Android, iOS Continue Race to the TopTia Winter | 3 July 2017
Android and iOS are the top 2 mobile operating systems in the world. Their direct competition is each other, and the race has never been closer. The quality of each system standing on its own has never been better either. Together they account for more than 90% of the mobile operating system market.
A Two-Horse Race
Windows is trying to forge ahead with Windows 10 across all devices, and no more Windows Phone OS, but this takes up very little of the mobile market share at the moment. Blackberry has faded away to a very large extent too, as has Symbian. At the Mobile World Congress in February, it became clearer than ever that if phone manufacturers want to succeed, they need to play by their rules.
As iOS is available for Apple’s own mobile devices only, this essentially means other handsets need to be compatible with Android and run on it by default. Nokia and Sony are, for example, re-emerging as hardware brands, but the new models run on Android and not their own-name legacy operating systems.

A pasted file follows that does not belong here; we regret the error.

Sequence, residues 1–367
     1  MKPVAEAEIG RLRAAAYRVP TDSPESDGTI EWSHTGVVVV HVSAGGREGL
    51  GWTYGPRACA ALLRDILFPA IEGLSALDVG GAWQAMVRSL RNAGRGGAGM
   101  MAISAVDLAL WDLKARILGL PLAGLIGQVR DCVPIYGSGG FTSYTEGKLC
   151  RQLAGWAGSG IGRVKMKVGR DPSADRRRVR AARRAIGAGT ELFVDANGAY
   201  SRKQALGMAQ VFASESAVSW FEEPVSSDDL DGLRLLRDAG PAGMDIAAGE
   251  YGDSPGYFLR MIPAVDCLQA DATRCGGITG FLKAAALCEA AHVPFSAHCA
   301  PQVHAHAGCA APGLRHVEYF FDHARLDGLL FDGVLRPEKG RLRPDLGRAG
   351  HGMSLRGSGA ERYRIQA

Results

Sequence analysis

Essentially the situation exists now where there is iOS for mobile Apple devices, and Android for everything else. While Android dominates the Asian markets, Apple leads the way in the bigger, Western markets such as Great Britain, Italy, Germany and France. The United States, very interestingly, shows almost exactly the same amount of favour to iOS as to Android. Of course, the market share that Android takes up is divided among many different hardware manufacturers whereas the iOS profits all go to Apple.
A Very Personal Choice
In the end, Android and iOS are very similar in their power and capabilities. You’ll find fierce advocates for both brands, and you’ll be using a great operating system either way. It just depends what you prefer.
While navigation and switching between apps has become simple on both systems, they can feel quite different to use. Android allows for more customisation, but iOS has smoother updates and can integrate into a device ecosystem better. Both offer helpful virtual assistants, and Siri on iOS feels more human but Android’s Virtual Assistant is better at remembering what you like and don’t like.
The iStore is bigger than the Google Play Store, but the apps are more expensive and less experimental. On the other hand, they are also unlikely to infect your device with malware. The more you think about it, the harder it will be to choose a winner between iOS and Android. But the clearer it will be that there are no other real competitors any more.